Phillip J. Williams and Knut Walter argue that prolonged military rule produced powerful obstacles that limited the possibilities for demilitarization in the wake of the peace accords. The failure of the accords to address several key aspects of the military’s political power had important implications for the democratic transition and for future civil-military relations.
Drawing on an impressive array of primary source materials and interviews, this book will be valuable to students, scholars, and policy makers concerned with civil-military relations, democratic transitions, and the peace process in Central America.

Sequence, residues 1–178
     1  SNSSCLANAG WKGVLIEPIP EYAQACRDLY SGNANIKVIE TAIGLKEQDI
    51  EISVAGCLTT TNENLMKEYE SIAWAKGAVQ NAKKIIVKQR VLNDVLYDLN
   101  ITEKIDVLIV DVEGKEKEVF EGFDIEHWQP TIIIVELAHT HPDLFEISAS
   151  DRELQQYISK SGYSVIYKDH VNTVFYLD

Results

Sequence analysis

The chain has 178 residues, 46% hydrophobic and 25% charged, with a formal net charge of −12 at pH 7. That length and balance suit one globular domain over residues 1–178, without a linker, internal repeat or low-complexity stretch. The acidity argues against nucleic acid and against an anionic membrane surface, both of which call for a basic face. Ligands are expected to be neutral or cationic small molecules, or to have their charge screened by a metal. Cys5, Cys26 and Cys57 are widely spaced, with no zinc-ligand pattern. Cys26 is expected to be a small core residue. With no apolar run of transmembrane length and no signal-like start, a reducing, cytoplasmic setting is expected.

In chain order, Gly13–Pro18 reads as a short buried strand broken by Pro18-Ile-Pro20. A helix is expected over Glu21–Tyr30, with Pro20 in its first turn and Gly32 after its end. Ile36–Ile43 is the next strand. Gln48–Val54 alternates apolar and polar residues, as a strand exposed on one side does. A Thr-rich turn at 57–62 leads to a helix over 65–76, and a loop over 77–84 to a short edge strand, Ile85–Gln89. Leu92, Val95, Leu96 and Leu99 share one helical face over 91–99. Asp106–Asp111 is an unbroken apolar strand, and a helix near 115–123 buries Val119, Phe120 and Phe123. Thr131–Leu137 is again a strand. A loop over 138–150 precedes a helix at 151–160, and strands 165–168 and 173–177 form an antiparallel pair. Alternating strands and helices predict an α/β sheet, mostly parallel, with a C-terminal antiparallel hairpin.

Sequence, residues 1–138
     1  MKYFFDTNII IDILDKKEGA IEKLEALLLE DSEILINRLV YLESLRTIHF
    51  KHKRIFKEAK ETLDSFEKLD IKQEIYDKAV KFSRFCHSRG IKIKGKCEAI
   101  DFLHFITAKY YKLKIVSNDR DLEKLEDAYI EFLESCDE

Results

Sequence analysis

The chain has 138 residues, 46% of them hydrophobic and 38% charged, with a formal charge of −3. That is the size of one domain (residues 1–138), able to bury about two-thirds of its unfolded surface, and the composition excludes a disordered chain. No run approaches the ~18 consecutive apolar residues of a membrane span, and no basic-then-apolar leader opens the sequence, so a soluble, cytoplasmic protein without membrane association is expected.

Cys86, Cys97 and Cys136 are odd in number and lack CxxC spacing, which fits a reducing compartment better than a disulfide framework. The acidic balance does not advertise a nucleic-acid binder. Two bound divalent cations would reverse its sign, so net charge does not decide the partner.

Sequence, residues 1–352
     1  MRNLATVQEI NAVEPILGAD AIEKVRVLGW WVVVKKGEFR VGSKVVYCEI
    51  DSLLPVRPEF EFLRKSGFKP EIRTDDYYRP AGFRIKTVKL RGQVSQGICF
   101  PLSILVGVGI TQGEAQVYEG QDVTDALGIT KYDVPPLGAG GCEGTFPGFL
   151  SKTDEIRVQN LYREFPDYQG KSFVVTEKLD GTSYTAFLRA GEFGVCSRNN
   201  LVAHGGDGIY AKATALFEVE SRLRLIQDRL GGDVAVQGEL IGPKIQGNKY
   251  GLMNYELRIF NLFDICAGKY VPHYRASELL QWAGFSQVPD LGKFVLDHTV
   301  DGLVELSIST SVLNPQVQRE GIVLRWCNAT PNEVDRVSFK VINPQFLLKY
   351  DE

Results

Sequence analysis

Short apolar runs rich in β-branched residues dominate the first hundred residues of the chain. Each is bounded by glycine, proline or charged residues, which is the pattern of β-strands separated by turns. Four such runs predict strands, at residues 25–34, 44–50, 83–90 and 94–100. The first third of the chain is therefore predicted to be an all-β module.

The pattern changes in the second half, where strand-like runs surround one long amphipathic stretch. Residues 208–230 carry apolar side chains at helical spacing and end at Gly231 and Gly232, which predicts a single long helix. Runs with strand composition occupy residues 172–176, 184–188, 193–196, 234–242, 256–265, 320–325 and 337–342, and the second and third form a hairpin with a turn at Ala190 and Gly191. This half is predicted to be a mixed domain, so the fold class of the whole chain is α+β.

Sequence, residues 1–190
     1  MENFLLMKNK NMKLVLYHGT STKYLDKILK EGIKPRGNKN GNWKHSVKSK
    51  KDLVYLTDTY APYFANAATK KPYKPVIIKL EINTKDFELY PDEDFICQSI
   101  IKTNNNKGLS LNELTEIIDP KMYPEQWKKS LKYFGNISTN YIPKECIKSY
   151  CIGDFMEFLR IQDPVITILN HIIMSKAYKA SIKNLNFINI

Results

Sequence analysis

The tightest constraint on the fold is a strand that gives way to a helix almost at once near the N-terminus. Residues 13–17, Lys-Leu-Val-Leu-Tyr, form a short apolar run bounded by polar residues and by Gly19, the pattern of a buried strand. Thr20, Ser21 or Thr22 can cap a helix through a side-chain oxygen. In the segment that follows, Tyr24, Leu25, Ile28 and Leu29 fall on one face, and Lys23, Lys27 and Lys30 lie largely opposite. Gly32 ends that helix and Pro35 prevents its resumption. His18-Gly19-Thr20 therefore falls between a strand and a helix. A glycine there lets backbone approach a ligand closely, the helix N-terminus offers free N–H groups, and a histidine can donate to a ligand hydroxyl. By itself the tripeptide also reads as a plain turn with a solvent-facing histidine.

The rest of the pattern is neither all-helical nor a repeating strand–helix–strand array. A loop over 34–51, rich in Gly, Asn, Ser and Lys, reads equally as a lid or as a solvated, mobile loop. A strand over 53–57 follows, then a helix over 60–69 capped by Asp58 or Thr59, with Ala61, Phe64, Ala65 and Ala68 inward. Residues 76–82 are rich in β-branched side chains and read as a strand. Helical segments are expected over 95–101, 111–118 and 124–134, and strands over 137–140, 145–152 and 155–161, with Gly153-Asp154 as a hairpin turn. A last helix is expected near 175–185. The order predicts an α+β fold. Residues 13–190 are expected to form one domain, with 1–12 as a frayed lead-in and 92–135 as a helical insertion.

Presenting extensive analysis of literary and biographical accounts, this illuminating book provides a window to the affective side and emotional tenor of day-to-day life in modern day labour camps. With contributions from well-known and respected scholars, the book covers the contentious issues of prison economics, prisoner 'remolding' and post-traumatic stress disorder. Drawing parallels with Soviet, Nazi and Japanese prison camp practice, this outstanding new book will be invaluable to those interested in how the human mind responds to extremity, as well as to scholars of Chinese history, politics, literature and sociology.